This is a final film that is made by an animator Maho Yoshida when she was a student at Tokyo University of Arts. I saw this film for the first time when I was a 2 year at my previous university, and I believe seeing this animation was part of why I decided not to look for a job like this. How Japanese students find their jobs in the final year of universities is shown very realistically in this Animation and I remember it became a viral hit between young recruits in the recruitment season.
After I did a facial expression exercise in this course, I rewatched this animation and amazed how expressive the characters in this animation are. She managed to show complex expressions and emotions without any lines. Especially the smiles they make at the recruiting fair scene always gives me goose bumps.
Octocat Adventure is the series of animation that David OReilly has posted on youtube pretending as a 14 year-old boy Randy Peters. Everyone believed that this is created by a little kids by the rough drawing that looks like it’s illustrated using MS Paint the drawing software everyone has used when their kids with terrible voice-over. the story is about Octocat’s quest to find his parents.
In the last episode of the series, OReilly revealed that it is not a child’s work by changing the medium to 3D. I saw this films at OReilly’s talk at the London International Animation Festival for the first time, but I thought I would have believed it was made by a child and empathised with the story if I find it on youtube.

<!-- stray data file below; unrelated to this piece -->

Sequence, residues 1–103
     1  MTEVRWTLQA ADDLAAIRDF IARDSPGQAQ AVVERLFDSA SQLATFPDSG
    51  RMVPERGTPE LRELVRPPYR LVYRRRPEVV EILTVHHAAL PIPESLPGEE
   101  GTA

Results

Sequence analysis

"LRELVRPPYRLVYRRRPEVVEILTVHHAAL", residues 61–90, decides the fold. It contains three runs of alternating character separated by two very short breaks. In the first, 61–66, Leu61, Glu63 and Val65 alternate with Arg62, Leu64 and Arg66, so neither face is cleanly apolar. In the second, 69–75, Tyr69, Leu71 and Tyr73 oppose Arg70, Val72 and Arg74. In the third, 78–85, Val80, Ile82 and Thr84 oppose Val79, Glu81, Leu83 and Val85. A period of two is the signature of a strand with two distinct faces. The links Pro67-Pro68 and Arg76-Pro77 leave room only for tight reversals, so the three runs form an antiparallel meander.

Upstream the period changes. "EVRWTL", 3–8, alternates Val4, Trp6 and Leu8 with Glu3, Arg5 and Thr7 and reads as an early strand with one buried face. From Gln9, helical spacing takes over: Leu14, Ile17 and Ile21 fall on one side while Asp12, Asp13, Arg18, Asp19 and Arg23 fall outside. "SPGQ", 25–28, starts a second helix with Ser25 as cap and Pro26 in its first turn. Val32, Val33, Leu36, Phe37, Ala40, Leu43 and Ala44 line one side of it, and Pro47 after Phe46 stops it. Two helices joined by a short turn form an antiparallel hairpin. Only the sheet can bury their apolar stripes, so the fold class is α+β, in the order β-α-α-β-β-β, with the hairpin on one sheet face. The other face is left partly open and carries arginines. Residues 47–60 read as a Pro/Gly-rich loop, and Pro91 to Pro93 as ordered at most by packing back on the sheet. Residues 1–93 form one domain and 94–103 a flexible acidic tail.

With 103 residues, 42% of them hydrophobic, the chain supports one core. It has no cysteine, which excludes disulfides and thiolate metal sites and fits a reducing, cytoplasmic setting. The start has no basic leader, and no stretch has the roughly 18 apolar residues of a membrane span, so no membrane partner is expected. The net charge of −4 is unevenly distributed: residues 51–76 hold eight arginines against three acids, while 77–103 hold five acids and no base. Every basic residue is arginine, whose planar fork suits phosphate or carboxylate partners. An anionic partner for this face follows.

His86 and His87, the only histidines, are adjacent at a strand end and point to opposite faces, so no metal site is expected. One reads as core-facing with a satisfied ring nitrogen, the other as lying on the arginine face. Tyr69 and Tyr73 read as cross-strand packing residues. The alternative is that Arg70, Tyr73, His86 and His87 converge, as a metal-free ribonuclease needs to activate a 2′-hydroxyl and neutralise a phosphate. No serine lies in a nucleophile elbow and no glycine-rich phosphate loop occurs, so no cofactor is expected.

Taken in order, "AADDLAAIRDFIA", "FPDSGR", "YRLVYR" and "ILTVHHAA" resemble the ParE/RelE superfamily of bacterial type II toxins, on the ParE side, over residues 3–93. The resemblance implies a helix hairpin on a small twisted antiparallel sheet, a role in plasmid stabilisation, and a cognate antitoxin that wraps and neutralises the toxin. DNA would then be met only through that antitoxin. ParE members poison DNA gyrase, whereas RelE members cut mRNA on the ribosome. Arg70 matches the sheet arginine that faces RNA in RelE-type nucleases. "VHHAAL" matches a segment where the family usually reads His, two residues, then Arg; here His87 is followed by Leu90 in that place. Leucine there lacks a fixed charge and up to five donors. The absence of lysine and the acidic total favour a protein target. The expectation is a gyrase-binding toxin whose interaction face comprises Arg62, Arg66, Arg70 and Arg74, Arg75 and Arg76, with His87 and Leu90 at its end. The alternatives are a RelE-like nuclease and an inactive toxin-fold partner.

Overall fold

About this project, he says
“…you’ve all proved one vitally important point: audiences don’t need polished, slick animation to find a story engaging. They are happy to follow the worst animated, worst designed and worst dubbed film of all time, and still laugh and cry and do all the things you do watching a so-called “high end” film.”
I think what he wanted to prove with this project apply to most of his work as well. For instance, one of his early work “RGB XYZ”
I’ve always interested in his work not only because of the way he uses 3D graphics in his animation but his perversity, and knowing about this project made me interested in his work more.
David OReilly. (2018). Octocat Adventures. [online] Available at: http://www.davidoreilly.com/octocat-adventures/ [Accessed 12 Mar. 2018].
David OReilly. (2018). Works. [online] Available at: http://www.davidoreilly.com/#/rgb-xyz/ [Accessed 12 Mar. 2018].